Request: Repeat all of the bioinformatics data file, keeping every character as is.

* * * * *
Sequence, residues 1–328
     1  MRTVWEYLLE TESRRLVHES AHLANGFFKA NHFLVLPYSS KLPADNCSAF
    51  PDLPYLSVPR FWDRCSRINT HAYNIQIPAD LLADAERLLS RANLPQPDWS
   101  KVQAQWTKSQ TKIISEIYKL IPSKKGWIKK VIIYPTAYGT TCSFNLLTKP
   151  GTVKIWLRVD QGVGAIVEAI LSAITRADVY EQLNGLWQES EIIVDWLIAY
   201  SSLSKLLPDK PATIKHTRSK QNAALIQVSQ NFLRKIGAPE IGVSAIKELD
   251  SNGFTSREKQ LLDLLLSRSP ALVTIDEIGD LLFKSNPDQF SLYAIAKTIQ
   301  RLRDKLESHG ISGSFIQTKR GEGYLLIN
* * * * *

Sequence, residues 1–328
     1  MRTVWEYLLE TESRRLVHES AHLANGFFKA NHFLVLPYSS KLPADNCSAF
    51  PDLPYLSVPR FWDRCSRINT HAYNIQIPAD LLADAERLLS RANLPQPDWS
   101  KVQAQWTKSQ TKIISEIYKL IPSKKGWIKK VIIYPTAYGT TCSFNLLTKP
   151  GTVKIWLRVD QGVGAIVEAI LSAITRADVY EQLNGLWQES EIIVDWLIAY
   201  SSLSKLLPDK PATIKHTRSK QNAALIQVSQ NFLRKIGAPE IGVSAIKELD
   251  SNGFTSREKQ LLDLLLSRSP ALVTIDEIGD LLFKSNPDQF SLYAIAKTIQ
   301  RLRDKLESHG ISGSFIQTKR GEGYLLIN